The Gospel of Luke: Part IV-The Nativity Story

We looked last week at the preface of Luke which opens the Gospel of Luke. Because it is Christmas time, it is only natural that we review the nativity story of Luke. But to do so in depth, I think that it is necessary to review the nativity story in at least three parts. The first part, this week will review the story as written in the Gospel of Luke. Next week, in the next part, I will relate and analyze Matthew’s story. Finally, in the third part of this mini-series with the series of analysis of the Gospel of Luke, I will compare and contrast the two stories.


It is necessary to review the story told in at least two Gospels, because Christians tend to conflate the story told in the Gospels and make it one continuous story. Thus, for example, the average Christian thinks of the shepherds and the Magi as both visiting the infant Jesus in one story. But while the average Christian makes this one seamless story, each of these two events is related separately in two different; neither of these Gospels relate both stories.



To set the stage, however, I must return to the preface of Luke, because a literary analysis of it will yield many themes which are carried out in the nativity story.


Luke, as we noted, is writing a history following the parameters of his time. He has made it clear that he will be a reliable narrator, who will give an orderly account, one that is fixed in time and space. He knows that his audience is aware of these events, but believes that his audience needs to have greater certainty of what has happened. Also, Luke’s voice is a personal voice: note the usage of the pronoun “I”. Luke is aware of audience and wants to convey things to them: note the usage of the pronoun “you”. Luke is also instructing Theophilus, who must be a person of some note. This fact that Luke, who is a subordinate person, is able to instruct a person of a higher class or order shows that Luke has a strong sense of self and a strong sense that he as an author has something important to impart. Contrast this with the highly impersonal narrative of Matthew and his opening which relates generation after generation.


Turning to the nativity story itself, Luke’s story has the following elements. An angel appears to the Priest Zachariah, who has an elderly wife named Elizabeth. The angel tells Zachariah that Elizabeth will bear a child. Zachariah protests this Elizabeth is too old and he is then struck mute. Elizabeth is then with child. Mary, who is a virgin, is visited by the same angel who visited Zachariah. Mary is told that she will bear a child. Mary responds by submitting to God’s will. Mary after a while goes to visit Elizabeth, who is her relative. Elizabeth’s baby leaps in the womb of Elizabeth in response to Mary’s coming. Elizabeth exclaims that Mary is blessed above all women. Mary sings a song praising God. Later, friends gather and suggest that Elizabeth’s child be named after his father. Elizabeth says that his name is John. When Zachariah is approached, he writes that the child will be named John and then his speech is restored. He then prophesies. A census requires Mary and Joseph to go to Bethlehem from their home. Because there is no room in the inn in Bethlehem, Jesus is born in a manger in Bethlehem. An angel appears to shepherds who are nearby and tells them of the birth of Jesus. The shepherds come and worship the infant Jesus. After eight days, Jesus is presented in the temple. Simon has been awaiting the messiah and has been hoping that he will see the messiah before he dies. Simon takes Jesus in his arms and exclaims that he can now die happy for he has seen the messiah. He then foretells the life of Jesus.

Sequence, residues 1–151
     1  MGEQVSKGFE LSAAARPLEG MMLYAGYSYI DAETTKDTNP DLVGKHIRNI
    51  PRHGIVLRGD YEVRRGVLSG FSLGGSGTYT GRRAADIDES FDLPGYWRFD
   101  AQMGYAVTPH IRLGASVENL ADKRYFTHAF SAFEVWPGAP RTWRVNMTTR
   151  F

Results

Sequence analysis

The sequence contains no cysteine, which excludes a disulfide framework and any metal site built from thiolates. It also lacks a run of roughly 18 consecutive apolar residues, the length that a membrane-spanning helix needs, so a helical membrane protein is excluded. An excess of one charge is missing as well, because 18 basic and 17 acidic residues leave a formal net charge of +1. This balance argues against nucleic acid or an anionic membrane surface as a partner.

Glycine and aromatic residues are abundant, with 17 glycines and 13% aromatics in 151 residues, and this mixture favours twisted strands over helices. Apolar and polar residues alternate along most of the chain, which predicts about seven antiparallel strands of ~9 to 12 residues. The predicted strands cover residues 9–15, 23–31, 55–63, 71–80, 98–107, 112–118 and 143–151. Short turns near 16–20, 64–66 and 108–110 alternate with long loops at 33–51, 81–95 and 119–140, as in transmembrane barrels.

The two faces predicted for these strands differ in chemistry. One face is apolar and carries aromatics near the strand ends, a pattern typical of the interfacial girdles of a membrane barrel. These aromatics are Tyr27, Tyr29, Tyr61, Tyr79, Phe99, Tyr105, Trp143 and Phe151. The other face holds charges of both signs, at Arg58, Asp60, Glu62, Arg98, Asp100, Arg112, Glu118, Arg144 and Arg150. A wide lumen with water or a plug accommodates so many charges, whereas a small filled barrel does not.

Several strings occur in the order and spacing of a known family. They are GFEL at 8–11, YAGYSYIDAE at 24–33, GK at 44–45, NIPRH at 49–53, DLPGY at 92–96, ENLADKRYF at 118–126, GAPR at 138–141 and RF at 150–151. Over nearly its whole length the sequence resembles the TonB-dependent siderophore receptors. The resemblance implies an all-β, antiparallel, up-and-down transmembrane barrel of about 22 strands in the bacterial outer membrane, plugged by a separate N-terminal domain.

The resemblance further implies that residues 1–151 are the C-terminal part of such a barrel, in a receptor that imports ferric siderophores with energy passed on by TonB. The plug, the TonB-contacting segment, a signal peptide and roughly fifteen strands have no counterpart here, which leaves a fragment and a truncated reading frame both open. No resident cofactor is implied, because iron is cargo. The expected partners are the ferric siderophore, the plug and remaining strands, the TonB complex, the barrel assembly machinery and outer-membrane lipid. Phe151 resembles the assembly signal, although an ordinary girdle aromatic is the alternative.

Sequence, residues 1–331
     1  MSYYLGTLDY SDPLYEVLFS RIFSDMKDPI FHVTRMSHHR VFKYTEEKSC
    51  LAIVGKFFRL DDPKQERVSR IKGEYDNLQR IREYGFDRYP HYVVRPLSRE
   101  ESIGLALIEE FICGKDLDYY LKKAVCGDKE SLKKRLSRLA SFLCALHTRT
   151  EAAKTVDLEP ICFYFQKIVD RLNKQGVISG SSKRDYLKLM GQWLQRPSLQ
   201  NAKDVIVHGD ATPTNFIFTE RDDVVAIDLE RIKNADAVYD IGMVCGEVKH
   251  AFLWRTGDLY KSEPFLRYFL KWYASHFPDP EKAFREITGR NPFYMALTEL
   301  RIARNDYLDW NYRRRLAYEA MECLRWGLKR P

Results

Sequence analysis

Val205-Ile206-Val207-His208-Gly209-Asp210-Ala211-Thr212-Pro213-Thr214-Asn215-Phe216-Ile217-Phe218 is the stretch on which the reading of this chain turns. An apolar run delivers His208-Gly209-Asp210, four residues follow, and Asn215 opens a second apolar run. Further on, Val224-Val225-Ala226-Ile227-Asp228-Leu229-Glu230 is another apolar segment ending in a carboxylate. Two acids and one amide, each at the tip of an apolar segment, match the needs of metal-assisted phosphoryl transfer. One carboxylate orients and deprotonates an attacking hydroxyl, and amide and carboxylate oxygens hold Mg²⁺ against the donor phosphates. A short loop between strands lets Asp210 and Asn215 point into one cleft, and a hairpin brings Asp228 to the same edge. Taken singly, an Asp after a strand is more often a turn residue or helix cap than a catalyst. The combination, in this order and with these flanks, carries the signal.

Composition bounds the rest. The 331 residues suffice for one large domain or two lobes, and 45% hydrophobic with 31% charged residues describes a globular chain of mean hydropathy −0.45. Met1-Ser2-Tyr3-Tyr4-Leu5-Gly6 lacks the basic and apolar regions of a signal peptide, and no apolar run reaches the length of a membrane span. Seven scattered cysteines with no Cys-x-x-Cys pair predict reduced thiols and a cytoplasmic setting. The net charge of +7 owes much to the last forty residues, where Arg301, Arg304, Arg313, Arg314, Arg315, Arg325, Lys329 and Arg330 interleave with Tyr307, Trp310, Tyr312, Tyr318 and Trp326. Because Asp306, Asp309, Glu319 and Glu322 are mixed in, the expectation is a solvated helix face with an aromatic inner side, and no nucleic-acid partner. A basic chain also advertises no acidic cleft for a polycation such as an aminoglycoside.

This narrative is one of cause and effect. People are where they are for a reason. For example, Zachariah is at the temple because he has drawn the lot to perform the rituals that day. Mary and Joseph are at Bethlehem because a census has forced them to go there. Next, there is no room in the inn, so Mary and Joseph must go to the stables and thus Jesus is born in a manager. Finally, the shepherds are in the fields, because they must watch their flocks to protect them.


Luke wants his story to convey how people react to their situations. Zachariah protests and he is punished. Mary responds with joy and sings a song. John in the wombs leaps at the pregnant Mary’s presence. Elizabeth exclaims when Mary greets her. The shepherds react to the angel’s announcement and the visitation of the heavenly hosts by all agreeing to get up, leave their flocks, and go to Bethlehem to see what they Lord has told them. Simon takes the baby Jesus in his arms and says that he now can die happy.


The reaction is thus an important element of the story. Luke wants us to know the emotions and the thoughts of the people involved in his story.


Further, all the people in Luke’s story are people going about their daily lives. Zachariah is a priest performing his rituals at the temple. The shepherds are doing their job watching their sheep. Simon is an old man who knows he is soon to die and he has an old man’s dying wish in his heart. Mary and Joseph are doing their duty to Caesar by going to register for the census.


Each of Luke’s stories has the clear tri-part structure of beginning, middle, and end. The shepherds are in the fields. The angel comes. The shepherds react and go and worship Jesus.


There is a parallelism between the story of Elizabeth and Mary. Elizabeth is too old to bear a child; Mary is a virgin. Both are under an impediment that would otherwise make them unable to bear a child, but with the action of God, both do bear children.


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